With tax season now behind us it’s a good time to take a look at all the paperwork you may have accumulated and aren’t really sure what to do with. How long should you keep all those documents?
For tax purposes the IRS indicates the length of time you should keep a document depends on the action, expense, or event which the document records. Generally, you must keep your records that support an item of income, deduction or credit shown on your tax return until the period of limitations for that tax return runs out.
The period of limitations is the period of time in which you can amend your tax return to claim a credit or refund, or the IRS can assess additional tax. There are many scenarios that the IRS lists but if you keep your records for at least seven years you should be good.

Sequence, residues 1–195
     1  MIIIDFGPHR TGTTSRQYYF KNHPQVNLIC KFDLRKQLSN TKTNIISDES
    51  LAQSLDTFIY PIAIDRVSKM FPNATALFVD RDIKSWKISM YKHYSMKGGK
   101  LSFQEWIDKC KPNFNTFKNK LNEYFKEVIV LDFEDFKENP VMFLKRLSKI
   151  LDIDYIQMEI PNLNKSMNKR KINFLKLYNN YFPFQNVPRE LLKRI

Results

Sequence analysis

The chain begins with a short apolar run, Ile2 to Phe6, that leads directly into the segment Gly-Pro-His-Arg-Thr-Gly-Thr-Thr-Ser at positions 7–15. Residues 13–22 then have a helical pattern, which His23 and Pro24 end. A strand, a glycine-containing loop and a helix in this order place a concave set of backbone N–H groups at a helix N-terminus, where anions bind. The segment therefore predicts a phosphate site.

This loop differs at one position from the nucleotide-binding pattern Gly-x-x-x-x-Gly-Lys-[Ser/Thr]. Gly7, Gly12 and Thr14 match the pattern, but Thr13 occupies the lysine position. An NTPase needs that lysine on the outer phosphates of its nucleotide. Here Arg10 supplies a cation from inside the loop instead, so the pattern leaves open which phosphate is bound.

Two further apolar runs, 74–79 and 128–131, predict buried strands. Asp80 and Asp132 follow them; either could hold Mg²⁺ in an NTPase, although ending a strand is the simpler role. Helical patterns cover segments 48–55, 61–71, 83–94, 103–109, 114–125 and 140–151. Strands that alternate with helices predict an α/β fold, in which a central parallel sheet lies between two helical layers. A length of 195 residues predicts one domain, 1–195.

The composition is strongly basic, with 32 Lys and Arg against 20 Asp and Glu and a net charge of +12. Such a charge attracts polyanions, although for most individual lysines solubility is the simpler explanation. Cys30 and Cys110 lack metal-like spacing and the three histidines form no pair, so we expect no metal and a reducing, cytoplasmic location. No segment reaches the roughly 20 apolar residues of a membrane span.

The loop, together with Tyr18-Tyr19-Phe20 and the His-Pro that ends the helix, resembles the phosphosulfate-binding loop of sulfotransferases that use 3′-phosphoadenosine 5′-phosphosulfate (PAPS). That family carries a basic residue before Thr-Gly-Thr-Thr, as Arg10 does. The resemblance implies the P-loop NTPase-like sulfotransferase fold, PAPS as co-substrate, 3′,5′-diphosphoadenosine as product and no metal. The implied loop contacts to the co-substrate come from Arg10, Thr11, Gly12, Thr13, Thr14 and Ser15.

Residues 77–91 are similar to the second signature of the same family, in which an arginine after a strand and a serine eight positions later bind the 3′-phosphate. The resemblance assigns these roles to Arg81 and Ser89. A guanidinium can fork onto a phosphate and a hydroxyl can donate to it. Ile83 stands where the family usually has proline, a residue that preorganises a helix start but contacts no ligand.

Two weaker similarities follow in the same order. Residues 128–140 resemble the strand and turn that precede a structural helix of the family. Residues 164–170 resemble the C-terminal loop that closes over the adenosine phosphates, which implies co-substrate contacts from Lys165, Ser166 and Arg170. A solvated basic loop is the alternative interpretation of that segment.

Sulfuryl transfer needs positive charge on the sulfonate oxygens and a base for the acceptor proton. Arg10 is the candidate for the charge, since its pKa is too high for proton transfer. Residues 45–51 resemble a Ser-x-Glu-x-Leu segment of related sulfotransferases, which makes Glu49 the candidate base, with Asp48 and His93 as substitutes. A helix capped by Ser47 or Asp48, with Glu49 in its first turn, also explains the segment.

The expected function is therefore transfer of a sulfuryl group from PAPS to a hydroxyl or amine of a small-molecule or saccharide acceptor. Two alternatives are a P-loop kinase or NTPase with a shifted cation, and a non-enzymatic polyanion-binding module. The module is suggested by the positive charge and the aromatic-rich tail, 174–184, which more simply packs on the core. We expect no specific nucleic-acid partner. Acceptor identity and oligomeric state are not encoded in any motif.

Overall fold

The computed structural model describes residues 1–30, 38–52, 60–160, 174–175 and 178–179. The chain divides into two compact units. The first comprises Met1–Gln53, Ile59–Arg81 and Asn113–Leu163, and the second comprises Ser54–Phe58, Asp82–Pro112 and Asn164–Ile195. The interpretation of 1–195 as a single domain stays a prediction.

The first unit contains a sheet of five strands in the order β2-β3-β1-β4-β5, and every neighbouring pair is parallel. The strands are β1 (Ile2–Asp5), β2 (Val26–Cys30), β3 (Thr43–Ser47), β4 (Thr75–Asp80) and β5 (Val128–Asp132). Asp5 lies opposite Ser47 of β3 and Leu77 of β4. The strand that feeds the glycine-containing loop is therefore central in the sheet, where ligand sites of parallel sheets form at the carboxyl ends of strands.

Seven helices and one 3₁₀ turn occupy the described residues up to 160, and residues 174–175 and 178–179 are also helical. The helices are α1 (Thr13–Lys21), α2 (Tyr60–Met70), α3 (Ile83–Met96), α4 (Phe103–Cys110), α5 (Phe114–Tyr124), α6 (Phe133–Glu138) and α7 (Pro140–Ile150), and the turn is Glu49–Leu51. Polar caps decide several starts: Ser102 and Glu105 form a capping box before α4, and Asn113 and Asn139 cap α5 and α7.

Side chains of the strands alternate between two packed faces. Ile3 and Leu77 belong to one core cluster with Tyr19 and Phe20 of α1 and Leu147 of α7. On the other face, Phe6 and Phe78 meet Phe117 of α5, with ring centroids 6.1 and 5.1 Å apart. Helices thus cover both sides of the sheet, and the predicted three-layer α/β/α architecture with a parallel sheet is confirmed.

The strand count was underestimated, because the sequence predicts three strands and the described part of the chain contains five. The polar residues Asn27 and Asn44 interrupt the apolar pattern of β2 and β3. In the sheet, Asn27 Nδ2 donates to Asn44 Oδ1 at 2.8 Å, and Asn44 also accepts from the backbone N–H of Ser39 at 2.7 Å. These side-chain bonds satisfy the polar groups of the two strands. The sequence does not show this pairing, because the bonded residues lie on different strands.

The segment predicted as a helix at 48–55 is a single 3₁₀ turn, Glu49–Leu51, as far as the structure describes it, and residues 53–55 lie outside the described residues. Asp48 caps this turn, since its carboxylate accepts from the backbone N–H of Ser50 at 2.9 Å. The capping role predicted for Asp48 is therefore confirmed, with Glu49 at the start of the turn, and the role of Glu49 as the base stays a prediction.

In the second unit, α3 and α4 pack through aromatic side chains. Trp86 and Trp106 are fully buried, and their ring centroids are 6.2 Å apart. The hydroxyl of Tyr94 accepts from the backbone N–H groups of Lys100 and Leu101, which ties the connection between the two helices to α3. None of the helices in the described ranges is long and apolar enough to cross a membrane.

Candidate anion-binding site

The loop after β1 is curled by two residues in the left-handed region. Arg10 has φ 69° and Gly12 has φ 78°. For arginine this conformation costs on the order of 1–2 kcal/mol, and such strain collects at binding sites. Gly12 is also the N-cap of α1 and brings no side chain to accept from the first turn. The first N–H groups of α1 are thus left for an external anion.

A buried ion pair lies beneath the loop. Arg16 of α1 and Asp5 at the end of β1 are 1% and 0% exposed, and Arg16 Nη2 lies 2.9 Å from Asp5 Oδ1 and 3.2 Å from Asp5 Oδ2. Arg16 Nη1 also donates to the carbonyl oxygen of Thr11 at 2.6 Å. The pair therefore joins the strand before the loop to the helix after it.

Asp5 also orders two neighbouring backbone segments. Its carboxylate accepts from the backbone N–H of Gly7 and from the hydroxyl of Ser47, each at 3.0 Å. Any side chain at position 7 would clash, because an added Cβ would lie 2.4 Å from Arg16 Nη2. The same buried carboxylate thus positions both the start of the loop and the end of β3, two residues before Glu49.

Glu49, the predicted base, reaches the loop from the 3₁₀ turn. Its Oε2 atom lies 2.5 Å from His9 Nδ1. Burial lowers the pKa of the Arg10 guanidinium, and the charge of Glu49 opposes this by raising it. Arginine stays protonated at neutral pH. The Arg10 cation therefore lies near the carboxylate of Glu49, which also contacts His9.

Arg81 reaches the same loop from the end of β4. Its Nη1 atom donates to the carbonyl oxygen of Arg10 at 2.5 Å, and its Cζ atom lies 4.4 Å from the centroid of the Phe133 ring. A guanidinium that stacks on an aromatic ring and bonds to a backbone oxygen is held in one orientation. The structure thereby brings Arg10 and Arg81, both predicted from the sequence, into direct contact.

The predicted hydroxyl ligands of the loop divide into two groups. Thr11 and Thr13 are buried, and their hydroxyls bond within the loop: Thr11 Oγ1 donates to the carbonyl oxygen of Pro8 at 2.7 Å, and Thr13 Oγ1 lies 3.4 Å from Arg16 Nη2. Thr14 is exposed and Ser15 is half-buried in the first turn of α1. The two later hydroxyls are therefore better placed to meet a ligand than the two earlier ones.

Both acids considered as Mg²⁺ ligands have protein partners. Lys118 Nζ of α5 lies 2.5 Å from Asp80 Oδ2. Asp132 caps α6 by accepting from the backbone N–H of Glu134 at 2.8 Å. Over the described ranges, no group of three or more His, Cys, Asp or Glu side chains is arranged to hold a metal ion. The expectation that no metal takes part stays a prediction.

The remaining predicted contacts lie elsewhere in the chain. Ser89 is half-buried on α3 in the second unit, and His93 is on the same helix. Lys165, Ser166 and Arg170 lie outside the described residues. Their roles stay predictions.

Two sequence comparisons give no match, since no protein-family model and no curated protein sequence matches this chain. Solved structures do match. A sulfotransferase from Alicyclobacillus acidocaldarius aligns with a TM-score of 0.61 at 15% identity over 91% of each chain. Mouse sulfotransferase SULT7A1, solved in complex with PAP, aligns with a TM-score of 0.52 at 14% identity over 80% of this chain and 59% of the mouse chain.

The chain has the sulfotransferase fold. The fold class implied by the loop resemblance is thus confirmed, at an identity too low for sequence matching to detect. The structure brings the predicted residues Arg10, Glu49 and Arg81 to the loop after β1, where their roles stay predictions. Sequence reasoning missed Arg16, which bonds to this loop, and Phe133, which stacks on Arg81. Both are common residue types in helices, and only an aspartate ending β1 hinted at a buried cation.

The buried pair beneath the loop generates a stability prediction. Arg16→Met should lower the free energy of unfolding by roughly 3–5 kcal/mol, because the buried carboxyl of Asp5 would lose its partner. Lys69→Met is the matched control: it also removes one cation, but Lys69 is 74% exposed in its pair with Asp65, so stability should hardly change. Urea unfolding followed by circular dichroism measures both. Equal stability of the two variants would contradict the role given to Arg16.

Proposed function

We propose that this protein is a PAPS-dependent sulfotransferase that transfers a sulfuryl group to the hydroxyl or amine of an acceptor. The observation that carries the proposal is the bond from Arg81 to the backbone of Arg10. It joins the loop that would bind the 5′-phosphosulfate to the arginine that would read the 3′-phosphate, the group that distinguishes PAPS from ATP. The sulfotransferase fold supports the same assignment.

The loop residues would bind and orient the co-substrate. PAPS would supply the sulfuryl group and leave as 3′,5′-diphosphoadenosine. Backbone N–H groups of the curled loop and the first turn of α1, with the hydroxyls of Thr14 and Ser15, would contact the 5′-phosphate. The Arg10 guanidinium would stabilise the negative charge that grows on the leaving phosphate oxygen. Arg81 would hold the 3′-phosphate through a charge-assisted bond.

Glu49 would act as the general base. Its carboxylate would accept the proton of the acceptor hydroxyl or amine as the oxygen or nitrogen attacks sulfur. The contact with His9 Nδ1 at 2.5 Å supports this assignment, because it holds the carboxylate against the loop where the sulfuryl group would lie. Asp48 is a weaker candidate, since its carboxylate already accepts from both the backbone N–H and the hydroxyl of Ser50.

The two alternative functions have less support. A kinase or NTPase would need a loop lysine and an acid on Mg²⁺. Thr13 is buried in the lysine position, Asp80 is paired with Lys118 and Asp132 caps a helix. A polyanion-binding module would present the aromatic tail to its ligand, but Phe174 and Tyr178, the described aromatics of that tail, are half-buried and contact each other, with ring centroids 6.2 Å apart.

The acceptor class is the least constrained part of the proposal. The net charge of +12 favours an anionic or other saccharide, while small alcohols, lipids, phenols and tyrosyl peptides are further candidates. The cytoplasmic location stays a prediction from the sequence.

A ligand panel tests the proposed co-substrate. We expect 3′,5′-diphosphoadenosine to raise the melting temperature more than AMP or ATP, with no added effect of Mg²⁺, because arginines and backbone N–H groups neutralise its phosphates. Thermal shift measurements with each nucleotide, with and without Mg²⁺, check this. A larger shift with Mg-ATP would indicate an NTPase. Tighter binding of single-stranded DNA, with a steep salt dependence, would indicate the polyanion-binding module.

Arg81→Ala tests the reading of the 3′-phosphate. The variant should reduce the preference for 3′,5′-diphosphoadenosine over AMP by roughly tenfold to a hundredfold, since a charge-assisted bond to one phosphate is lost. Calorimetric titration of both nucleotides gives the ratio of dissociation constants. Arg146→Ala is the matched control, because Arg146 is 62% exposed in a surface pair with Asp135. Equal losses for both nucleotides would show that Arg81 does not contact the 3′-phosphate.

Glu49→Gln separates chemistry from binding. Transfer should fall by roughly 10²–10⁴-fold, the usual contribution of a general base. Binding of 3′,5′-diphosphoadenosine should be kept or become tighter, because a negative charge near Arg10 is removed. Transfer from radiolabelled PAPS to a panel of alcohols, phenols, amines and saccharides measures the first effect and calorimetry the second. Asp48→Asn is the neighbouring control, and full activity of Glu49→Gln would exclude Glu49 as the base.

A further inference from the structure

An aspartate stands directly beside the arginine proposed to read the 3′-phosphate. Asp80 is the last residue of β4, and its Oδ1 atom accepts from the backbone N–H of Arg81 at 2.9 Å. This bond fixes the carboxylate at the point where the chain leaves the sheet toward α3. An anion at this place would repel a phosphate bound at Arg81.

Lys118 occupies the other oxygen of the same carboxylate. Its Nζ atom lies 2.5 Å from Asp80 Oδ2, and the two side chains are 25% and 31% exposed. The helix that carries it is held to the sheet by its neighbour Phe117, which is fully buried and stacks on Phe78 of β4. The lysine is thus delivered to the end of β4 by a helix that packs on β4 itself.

Generally, the IRS can include returns filed within the last three years in an audit. Additional years can be added if a substantial error is identified. Generally, if a substantial error is identified, the IRS will not go back more than the last six years, so the seven year rule will cover you here.
The nice thing about technology is that you can scan these documents and keep them on your computer where they take up much less physical space but are still easily accessible.
If you’re still old school and keeping the physical papers, hold onto them for at least seven years and then send them through the shredder.